In his seminal 1937 essay, “The nature of the firm,” the economist and eventual Nobel laureate Ronald Coase argued that corporations exist to avoid the transaction costs of the free market. Yet with transaction costs plummeting (spurred by rising connectivity) this rationale no longer holds up.
Why then, do companies exist? The answer is identity. People long to belong, and they want to be part of something bigger than themselves. Companies that fixate only on profits will lose ground to organisations that create a strong identity which meets employees’ needs for affiliation, social cohesion, purpose, and meaning. Future-ready organisations accomplish this in three ways: they get clear on their purpose; they know how they create value and why they are unique; and they create strong and distinct cultures that help attract and retain the best people.
When Netflix CEO Reed Hastings decided to change his then-small DVD rental business into a video streaming platform, he diligently prepared the way to fulfil his vision. First, he spent 10 years researching video streaming, spending up to US$10 million a year on the effort. He was not afraid to fail; he experimented with small projects and moved on quickly if they did.
Today, Netflix adds 10% more subscribers a year. When the COVID-19 pandemic swept across the globe, it was ready for the millions of viewers stuck at home. From February to April 2020, it raked in 15.77 million new subscribers globally, doubling the number of its projections.
Leaders like Hastings have a clear understanding of the strengths and weaknesses of their organisation, and then they create a strategy to bridge the gap between where they are and where they want to be. Yet it is not just the leadership which will indicate success; if you want to be a future-ready organisation, you have to start to recruit differently. Skills are naturally of great importance, however, skills can be taught – you need people with the correct mindset and attitude. While the basics will need to of course be there, organisations need to shift from recruiting just for skills to recruiting for people who fit in with the values, culture, and mindset of the company.
Diversity and inclusion are key talking points here, and this is not simply to do with race and gender. Future-ready organisations need to be open to diverse views and people who think, look and feel differently to them. Once hired, these people should be embraced; listen to them, see them as a different voice and accept what they bring to the table.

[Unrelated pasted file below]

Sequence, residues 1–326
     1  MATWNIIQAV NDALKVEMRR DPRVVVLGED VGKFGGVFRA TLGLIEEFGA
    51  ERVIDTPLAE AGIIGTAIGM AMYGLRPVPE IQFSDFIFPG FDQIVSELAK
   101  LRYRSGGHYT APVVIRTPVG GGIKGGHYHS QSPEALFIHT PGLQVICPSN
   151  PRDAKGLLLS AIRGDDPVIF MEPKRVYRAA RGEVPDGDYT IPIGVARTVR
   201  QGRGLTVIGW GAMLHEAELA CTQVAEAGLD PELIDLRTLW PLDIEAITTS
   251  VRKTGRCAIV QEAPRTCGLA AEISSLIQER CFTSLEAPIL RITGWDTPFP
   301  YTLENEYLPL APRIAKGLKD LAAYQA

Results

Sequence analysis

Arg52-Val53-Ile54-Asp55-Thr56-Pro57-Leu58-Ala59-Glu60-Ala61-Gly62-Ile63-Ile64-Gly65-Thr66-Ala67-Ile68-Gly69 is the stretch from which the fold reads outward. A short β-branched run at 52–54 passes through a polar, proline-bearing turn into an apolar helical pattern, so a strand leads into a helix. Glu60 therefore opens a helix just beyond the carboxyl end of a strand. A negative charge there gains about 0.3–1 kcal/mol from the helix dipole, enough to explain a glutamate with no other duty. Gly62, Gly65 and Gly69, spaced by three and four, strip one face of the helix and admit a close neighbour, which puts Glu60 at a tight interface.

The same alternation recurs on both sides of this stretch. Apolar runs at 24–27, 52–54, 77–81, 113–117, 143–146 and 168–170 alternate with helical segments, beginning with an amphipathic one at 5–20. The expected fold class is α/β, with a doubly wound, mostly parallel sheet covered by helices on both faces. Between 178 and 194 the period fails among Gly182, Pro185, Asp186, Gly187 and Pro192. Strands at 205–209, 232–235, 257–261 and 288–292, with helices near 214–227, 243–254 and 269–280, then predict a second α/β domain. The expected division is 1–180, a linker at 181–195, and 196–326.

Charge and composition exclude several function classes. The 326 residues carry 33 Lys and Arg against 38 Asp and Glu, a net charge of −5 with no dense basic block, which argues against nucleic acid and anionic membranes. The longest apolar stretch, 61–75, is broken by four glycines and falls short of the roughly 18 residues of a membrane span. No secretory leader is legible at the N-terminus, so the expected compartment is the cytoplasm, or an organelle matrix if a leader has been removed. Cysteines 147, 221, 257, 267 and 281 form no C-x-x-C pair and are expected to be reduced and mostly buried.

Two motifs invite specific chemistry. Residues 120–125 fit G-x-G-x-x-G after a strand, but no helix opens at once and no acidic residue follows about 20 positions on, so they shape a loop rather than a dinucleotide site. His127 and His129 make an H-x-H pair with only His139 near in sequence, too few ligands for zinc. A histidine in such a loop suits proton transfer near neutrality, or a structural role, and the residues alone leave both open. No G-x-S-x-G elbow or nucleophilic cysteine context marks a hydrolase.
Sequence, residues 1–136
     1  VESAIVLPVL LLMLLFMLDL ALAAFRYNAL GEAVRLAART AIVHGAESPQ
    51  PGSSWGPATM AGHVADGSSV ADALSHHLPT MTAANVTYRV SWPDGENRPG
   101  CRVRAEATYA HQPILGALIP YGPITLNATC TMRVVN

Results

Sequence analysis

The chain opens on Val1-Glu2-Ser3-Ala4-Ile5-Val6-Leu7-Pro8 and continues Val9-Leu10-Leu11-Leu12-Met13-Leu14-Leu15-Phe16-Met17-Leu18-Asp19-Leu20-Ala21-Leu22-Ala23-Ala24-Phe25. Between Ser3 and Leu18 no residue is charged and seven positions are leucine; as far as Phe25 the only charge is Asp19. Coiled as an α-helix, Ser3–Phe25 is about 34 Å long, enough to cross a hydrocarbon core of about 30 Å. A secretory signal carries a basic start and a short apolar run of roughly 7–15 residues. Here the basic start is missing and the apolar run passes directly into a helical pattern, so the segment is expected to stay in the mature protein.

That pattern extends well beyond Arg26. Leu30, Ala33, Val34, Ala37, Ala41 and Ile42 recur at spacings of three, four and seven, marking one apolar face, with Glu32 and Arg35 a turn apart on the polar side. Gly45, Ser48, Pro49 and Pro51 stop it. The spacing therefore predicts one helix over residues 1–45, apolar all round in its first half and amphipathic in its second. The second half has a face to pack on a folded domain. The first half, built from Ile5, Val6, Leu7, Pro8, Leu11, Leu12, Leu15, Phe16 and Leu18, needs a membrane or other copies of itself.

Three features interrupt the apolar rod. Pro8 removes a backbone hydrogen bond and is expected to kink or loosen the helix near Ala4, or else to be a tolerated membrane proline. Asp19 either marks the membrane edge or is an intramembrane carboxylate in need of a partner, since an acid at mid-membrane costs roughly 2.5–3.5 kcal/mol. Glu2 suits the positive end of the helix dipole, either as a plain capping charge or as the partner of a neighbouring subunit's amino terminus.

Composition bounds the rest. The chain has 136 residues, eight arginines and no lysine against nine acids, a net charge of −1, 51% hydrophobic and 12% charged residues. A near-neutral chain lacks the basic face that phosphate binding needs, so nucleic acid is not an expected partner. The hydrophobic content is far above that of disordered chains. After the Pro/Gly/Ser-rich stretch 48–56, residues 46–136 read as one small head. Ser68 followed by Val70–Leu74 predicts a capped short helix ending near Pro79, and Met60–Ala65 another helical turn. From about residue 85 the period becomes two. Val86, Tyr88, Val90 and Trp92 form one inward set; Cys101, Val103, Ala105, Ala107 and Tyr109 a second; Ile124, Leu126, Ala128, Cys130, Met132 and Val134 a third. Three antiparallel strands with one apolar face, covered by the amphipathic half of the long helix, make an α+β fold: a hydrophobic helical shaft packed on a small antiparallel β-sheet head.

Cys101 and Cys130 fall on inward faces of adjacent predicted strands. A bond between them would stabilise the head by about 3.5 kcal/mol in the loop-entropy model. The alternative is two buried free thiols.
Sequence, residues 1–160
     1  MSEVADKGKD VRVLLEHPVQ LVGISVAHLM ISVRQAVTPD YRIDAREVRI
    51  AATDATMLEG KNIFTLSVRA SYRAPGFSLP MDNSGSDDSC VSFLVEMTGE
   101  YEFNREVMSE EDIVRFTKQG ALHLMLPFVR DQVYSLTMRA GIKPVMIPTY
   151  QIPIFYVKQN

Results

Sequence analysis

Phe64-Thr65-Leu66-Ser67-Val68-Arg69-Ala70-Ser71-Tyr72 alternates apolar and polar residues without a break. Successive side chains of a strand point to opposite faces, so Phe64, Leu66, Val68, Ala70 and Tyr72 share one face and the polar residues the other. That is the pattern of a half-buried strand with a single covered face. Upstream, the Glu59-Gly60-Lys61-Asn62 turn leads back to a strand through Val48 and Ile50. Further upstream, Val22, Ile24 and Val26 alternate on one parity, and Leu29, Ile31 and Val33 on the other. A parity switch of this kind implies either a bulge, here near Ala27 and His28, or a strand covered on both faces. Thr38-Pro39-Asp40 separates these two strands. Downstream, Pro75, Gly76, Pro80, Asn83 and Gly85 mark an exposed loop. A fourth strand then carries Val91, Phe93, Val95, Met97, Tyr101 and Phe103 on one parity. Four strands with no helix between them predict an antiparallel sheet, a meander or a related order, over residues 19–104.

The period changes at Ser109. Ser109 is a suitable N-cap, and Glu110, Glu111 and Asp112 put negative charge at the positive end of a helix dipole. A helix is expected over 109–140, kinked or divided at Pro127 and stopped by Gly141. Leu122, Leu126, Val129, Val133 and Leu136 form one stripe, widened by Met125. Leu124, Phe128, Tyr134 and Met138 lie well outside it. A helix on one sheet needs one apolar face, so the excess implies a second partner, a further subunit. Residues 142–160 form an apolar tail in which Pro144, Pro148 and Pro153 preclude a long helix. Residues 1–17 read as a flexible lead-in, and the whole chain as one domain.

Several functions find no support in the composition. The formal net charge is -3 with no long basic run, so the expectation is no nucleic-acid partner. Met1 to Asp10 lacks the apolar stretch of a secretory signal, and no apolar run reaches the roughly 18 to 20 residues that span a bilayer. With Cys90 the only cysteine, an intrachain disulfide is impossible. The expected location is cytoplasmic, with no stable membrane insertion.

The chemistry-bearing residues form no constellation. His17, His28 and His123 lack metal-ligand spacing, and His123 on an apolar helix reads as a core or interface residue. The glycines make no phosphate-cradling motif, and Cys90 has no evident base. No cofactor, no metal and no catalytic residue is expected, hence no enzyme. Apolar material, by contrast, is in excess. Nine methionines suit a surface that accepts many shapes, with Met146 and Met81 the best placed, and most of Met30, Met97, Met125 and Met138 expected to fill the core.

If you want to be future-ready, you cannot continue to work with and hire the same types of people you have worked with and hired for the past 10 years; you are going to have to be open to bringing in people with diverse skills and different views. “But we’ve been doing it like this and meeting targets for years, why do we need to change?” might be your retort. A diverse workforce keeps you on your toes, ensuring you do not get stuck in the same rut, and prepares you for future challenges.
Ideally the whole system has to change, yet it is most often the leaders who are the biggest blockers. The modern workforce does not want to sit in the same job for years – they are not like the Baby Boomers who stayed at one company for decades – they continually want to learn, develop, and experience new things. How would your organisation treat such staff? Organisations which are stuck in the past will not be able to retain the new generation of workers who are put into a ‘job’ which isn’t based on capabilities – the new workforce won’t stand for that. Future-ready organisation need to be able to provide growth opportunities which allow employees themselves to be future-ready and the organisation to be future fit.
Adoption to change for employers and employees who were future-ready would have been easier to navigate when COVID raised its head. A future-ready business would have already had numerous employees who were resilient and had a growth mindset, allowing them to adapt to change easier. They didn’t view lockdown as an obstacle, rather a challenge they could learn from and overcome. What businesses do you know which have had to close over the last 15 months? Were they future-ready?